Abstract

In the past few years a series of articles have been published concerning the use of topographic slope from digital elevation models (DEMs) constructed through remote sensing (satellite imaging) to give first‐order estimates of National Earthquake Hazards Reduction Program (NEHRP) site classes based on the average shear‐wave velocity in the top 30 m, VS30 (Wald and Allen, 2007). We evaluate the potential applicability of these methods taking advantage of a large (706 sites) new database of measured and estimated VS30 values and their topographic slopes for locations in Europe and the Middle East. Novel statistical tests are performed to evaluate the predictive power of the procedure in this region. We evaluate the percentage of sites correctly classified/misclassified for each site class for active and stable regimes. We also analyze the marginal distributions of the input VS30 and slope values and their impact on the VS30‐slope correlations and we evaluate whether the method performs better than does chance. We also consider the surface geology of sites and investigate whether differences in geology can help explain why certain sites are poorly classified by the method. Finally, we use the city of Thessaloniki, Greece, as a test case for comparison between the results of a recent microzonation and the site classes predicted by VS30‐slope correlations.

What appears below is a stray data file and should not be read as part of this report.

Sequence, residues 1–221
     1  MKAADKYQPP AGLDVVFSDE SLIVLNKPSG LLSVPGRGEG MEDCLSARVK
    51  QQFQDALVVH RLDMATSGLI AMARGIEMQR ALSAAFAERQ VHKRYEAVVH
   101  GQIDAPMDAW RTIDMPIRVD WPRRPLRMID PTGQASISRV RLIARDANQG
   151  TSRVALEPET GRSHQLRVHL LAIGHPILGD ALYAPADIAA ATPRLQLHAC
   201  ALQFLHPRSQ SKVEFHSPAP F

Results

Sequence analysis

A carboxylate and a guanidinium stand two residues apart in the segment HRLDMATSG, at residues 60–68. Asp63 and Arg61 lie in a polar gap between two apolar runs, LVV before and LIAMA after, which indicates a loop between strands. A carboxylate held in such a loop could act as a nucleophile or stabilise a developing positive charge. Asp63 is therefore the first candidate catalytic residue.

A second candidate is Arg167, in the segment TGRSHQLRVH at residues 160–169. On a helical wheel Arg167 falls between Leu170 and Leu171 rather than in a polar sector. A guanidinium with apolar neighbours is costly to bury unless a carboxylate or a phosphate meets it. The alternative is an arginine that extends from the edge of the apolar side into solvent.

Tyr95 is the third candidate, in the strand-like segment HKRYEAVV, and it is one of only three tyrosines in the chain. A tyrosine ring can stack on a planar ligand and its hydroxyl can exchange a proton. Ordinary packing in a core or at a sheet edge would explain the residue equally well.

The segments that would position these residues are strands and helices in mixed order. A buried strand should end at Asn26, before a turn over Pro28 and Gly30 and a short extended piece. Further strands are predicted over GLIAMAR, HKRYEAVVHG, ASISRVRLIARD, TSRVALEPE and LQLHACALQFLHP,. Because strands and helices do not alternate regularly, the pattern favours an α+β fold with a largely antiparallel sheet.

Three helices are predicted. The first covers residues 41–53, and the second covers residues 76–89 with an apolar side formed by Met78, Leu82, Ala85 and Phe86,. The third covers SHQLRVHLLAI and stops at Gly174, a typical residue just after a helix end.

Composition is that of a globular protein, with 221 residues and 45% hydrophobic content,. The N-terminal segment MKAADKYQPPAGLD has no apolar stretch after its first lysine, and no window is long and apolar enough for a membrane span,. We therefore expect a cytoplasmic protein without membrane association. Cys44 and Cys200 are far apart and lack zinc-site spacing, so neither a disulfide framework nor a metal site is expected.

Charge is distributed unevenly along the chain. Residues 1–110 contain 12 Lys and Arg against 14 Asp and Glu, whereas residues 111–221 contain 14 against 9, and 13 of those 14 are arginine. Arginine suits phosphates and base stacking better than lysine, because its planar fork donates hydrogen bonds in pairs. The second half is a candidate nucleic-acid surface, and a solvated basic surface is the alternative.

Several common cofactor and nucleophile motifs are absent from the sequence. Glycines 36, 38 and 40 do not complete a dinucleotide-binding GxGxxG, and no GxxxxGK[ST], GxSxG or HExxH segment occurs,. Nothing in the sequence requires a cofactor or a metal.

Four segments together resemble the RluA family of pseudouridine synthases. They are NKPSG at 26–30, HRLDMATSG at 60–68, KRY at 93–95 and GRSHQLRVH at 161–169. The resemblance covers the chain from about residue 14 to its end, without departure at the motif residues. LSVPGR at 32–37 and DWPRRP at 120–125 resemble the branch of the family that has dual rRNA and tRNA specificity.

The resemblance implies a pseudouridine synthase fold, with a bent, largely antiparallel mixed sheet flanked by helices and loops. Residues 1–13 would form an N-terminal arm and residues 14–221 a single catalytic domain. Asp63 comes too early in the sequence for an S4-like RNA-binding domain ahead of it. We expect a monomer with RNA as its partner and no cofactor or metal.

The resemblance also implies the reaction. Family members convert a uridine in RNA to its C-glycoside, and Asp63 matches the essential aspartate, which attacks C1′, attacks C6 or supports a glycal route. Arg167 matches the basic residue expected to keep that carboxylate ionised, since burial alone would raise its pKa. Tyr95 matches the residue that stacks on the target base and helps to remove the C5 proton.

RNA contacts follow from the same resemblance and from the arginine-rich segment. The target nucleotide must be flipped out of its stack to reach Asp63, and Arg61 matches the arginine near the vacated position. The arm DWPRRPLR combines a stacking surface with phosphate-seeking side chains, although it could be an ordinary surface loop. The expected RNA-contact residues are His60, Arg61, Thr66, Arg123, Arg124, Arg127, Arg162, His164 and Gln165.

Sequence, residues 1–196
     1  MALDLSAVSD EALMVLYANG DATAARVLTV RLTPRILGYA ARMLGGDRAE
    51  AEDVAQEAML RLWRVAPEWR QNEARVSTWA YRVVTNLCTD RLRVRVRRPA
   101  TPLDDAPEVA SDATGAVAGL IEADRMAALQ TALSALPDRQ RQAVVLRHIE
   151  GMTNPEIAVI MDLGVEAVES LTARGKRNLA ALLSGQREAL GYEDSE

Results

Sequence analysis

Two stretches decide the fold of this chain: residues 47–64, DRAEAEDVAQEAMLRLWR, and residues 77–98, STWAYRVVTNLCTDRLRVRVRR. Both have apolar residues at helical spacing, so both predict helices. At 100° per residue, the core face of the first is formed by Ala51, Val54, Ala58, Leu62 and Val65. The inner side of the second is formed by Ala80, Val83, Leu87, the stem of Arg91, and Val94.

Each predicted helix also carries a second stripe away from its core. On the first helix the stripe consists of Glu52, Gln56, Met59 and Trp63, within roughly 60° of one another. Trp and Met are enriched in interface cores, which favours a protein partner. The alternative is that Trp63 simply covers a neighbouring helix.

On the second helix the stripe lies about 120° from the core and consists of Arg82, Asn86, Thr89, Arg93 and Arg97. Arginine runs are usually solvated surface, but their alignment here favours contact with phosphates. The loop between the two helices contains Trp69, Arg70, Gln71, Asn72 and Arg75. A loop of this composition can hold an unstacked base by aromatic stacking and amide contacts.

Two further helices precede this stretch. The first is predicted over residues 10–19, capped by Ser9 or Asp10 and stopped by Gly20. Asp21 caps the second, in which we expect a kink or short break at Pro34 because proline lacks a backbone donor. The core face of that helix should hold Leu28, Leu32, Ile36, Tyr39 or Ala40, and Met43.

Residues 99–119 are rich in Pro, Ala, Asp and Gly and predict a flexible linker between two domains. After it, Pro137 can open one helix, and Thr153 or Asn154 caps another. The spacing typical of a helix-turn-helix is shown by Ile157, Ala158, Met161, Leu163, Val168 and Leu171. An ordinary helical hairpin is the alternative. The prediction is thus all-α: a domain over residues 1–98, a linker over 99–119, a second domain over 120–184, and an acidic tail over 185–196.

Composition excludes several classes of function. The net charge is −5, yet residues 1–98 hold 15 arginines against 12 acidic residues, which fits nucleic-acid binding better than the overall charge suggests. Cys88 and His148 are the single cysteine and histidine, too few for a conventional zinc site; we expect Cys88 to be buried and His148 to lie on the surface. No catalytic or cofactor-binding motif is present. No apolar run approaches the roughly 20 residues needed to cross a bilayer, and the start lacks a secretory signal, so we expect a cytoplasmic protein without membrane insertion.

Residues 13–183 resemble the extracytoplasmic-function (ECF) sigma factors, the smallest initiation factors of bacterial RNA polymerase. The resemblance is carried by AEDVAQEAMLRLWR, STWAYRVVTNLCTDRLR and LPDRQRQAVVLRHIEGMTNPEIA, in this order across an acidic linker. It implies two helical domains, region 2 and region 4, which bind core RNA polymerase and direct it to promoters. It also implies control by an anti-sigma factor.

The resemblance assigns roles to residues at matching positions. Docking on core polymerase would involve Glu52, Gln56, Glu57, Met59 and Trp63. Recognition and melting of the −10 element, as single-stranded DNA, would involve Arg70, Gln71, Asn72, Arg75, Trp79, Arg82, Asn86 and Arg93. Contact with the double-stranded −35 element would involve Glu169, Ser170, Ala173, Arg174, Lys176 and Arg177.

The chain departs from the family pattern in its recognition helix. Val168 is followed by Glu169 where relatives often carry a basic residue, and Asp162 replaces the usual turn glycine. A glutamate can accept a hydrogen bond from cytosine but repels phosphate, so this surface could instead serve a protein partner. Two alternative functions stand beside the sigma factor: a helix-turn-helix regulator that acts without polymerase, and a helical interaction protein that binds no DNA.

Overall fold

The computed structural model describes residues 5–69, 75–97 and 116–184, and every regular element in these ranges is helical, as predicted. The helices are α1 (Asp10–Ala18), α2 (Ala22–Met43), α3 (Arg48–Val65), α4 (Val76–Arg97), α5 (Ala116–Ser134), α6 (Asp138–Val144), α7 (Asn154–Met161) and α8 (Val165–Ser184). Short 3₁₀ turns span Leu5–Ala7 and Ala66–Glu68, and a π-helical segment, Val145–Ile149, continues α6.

Our results show that the method does a better job than blind chance for all site classes in active regions, but only for class B (rock) and to a lesser extent class C (stiff soil) sites located in stable areas, although the conclusions for stable areas are based on limited data. We recommend that site classifications based on the VS30‐slope correlations proposed by Wald and Allen (2007) be used only for regional or national (and not local or site‐specific) first‐order studies in active parts of Europe and only in the absence of other more detailed information, excluding sites inside small basins or those with special geological conditions that may affect results (e.g., flat‐lying volcanic plateaus, carbonate rocks, continental glaciated terrain, or a coastal location if slope is not calculated using bathymetric data).

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